Benton County’s tax coffers will stay the same after a $209 million land sale to the Church of Jesus Christ of Latter-Day Saints.
County Agricultural Supervisor Rikki Davis said Farmland Reserve Inc., the investment arm of the LDS church, will continue to pay the same taxes that Easterday Farms paid.
Farmland Reserve bought the 21,234 acres at auction, after Easterday Farms declared bankruptcy amid the “ghost cows” scandal that wiped out the longtime ag operation.
President Cody Easterday defrauded Tyson Foods of more than $200 million over several years to cover bad bets on commodity futures.
The proceeds from the Benton County land auction go toward covering the debt to Tyson Foods.
Farmland Reserve already owns hundreds of acres near the Easterday Farms land, in an area that lies along the Columbia River between the McNary Dam and the Wallula Gap.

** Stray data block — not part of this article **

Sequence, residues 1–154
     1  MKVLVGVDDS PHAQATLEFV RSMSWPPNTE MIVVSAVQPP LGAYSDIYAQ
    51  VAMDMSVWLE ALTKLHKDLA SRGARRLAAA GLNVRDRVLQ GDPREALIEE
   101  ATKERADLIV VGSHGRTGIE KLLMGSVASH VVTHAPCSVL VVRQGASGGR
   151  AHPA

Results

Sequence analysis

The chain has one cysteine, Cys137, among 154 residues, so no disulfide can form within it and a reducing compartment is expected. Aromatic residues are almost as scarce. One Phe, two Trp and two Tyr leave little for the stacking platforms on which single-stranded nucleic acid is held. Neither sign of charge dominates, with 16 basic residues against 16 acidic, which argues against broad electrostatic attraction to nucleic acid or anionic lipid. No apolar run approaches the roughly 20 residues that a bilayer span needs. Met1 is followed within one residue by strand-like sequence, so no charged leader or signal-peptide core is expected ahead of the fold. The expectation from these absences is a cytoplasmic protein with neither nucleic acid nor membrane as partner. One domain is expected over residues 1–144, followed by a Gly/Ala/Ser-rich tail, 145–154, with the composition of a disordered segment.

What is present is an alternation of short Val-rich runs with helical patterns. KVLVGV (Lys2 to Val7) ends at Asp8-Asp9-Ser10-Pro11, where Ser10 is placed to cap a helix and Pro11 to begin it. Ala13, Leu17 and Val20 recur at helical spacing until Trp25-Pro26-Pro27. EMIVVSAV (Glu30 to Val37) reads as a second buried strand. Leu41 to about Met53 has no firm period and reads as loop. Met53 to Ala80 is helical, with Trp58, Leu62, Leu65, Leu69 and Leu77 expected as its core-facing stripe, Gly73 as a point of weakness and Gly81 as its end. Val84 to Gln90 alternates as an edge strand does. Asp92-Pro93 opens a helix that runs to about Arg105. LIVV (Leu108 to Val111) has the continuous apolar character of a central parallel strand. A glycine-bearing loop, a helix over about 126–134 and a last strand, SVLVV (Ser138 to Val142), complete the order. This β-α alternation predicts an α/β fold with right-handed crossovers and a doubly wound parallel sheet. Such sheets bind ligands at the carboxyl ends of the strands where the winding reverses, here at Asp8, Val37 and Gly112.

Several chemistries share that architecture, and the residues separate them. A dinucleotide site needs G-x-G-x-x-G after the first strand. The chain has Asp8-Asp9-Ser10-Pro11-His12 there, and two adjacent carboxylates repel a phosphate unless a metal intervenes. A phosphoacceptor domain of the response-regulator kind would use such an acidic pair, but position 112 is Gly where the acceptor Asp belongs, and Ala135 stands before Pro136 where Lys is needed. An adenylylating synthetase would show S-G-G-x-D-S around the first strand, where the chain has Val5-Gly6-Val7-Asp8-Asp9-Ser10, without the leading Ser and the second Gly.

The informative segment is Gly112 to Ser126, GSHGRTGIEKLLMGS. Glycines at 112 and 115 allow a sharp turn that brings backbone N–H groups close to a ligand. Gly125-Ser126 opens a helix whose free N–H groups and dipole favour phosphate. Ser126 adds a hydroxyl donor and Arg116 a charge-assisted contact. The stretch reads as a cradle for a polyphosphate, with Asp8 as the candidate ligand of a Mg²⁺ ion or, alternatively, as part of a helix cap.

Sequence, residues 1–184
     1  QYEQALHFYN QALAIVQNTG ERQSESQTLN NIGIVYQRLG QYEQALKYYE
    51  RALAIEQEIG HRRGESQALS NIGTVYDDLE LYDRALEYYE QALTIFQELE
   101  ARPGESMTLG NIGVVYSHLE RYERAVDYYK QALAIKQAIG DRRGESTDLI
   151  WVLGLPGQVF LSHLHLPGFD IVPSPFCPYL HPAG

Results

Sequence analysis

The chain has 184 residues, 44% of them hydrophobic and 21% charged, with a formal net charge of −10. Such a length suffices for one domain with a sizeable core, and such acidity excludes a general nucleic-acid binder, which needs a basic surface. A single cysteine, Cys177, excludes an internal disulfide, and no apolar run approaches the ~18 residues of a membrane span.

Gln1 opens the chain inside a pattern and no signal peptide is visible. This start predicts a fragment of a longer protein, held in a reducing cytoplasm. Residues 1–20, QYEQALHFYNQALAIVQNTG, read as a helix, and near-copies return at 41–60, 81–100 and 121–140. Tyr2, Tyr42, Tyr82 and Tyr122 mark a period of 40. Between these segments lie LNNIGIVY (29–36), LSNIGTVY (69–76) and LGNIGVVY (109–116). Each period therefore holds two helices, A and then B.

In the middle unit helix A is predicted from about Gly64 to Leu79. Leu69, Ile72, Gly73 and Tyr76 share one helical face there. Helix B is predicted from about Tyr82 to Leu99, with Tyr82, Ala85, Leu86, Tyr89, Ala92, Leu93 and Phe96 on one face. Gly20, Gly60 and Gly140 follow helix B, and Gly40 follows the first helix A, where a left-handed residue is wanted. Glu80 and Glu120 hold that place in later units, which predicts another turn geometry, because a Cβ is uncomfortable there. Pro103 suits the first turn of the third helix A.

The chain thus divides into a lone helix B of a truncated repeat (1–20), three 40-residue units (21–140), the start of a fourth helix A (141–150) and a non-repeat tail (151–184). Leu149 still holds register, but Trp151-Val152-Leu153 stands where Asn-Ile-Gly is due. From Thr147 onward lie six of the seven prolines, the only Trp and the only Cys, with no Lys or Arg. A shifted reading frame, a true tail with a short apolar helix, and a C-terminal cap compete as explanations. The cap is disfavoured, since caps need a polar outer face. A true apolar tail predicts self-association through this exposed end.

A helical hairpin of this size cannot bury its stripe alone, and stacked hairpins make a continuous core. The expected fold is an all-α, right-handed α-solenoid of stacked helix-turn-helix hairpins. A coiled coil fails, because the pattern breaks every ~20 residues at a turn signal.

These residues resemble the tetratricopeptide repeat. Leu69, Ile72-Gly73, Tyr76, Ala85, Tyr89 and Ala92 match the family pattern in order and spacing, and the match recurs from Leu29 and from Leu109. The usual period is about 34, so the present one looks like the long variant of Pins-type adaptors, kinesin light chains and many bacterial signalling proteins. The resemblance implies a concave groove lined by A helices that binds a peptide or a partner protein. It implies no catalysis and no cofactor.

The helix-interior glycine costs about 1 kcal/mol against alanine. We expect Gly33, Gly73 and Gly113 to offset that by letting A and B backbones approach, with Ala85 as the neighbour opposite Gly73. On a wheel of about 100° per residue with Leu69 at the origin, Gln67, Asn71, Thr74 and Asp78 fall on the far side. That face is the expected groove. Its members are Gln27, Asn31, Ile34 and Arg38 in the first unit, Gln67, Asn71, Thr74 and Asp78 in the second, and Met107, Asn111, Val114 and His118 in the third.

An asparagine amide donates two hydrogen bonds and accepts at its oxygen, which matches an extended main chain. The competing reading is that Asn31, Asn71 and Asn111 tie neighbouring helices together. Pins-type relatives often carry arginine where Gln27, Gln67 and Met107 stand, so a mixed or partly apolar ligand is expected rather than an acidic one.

Churches don’t pay property taxes on church property, but they do pay taxes on property that is not used for religious or educational purposes, such as commercially farmed land.
Davis said a state program for current-use farmland has a discounted tax rate that depends on the value of the use. Farmland Reserve and Easterday Farms paid Benton County taxes under the program.
Farmland Reserve pays $7,834 each year for one parcel of 575 irrigated acres and 73 acres of rangeland, which has a market value of $4,292,850.
Easterday paid $6,513 for one parcel of 454 acres of irrigated farmland, 123 acres of dry farmland and 64 acres of rangeland that had a market value of $3,629,770.
Davis said, “A couple of Easterday parcels were not included in the state discount program, and the new owners could apply for that.”